It is a hugely complex yet impressive machine, punctuated in no small way by being both luxurious and functional on the inside.

From the 235-litre boot forward (expands to 900-litres and then 1890-litres), the SQ7 considers the day-to-day demands of its likely family buyers’ needs.

You can lower the loading height thanks to the air suspension, to make it easier to access the cargo area. When there, you can raise and lower the powered third-row seating at the touch of a button.

All rear seats, three in the middle and two in the back, have ISOFIX points. The centre row can be moved forward on rails, reclined or folded in a 40:20:40 configuration.

There are cupholders, air vents and storage cubbies, and while the back-back is tight for an adult (fine for kids, though), the middle row is hugely spacious and wonderfully comfortable.

Up front, vision is great and there is good storage. The 12.3-inch virtual cockpit instrument display is very easy to use, and the pop-up 8.3-inch LCD screen in the dash a particular standout when running the Google Maps navigation overlay.

As an interface, the air conditioning control, with proximity-predicting buttons and a clear digital display, is excellent. The need to cycle through drive modes both up and down, via the buttons on the middle of the dash, a little less so.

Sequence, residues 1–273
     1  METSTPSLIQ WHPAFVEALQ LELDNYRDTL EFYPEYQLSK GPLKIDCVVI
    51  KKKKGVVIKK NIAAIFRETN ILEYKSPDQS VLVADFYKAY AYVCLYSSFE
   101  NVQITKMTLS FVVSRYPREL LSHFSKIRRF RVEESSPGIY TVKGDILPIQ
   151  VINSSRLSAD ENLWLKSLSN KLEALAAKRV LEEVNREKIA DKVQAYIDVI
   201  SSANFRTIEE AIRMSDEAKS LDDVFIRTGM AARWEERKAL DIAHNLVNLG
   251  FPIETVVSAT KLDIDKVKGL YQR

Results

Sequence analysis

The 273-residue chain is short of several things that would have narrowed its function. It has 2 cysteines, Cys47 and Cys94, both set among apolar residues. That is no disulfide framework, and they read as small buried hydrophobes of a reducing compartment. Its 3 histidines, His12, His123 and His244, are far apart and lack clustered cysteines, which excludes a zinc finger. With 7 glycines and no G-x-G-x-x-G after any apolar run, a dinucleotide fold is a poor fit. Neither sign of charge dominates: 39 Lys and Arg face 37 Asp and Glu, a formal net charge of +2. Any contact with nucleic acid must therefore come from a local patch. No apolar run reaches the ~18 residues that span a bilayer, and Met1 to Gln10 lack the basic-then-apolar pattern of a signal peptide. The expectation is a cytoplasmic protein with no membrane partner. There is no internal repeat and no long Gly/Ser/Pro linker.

I found the MMI handwriting tablet to be a little counter-intuitive, mainly as when accessing it with my left hand (I’m right-handed), I drew all my letters and numbers back to front… but that may say something about me more than the system.

But other than that, everything worked smoothly, including Bluetooth and iPhone integration.

We didn’t like the painted lower dashboard and console plastic trim, though. You can upgrade to carbon-fibre for another $1950, but that shouldn’t mean the default trim needs to look cheap.

That said, the Alcantara door trims, flat-bottomed steering wheel, aluminium trim and Audi Sport motifs support the performance nature of the SQ7 and when you fire it up, it sounds properly meaty.

But, and there’s always a but, the SQ7 may seem to be an all singing, all-dancing product showcase, but it is missing something. Personality.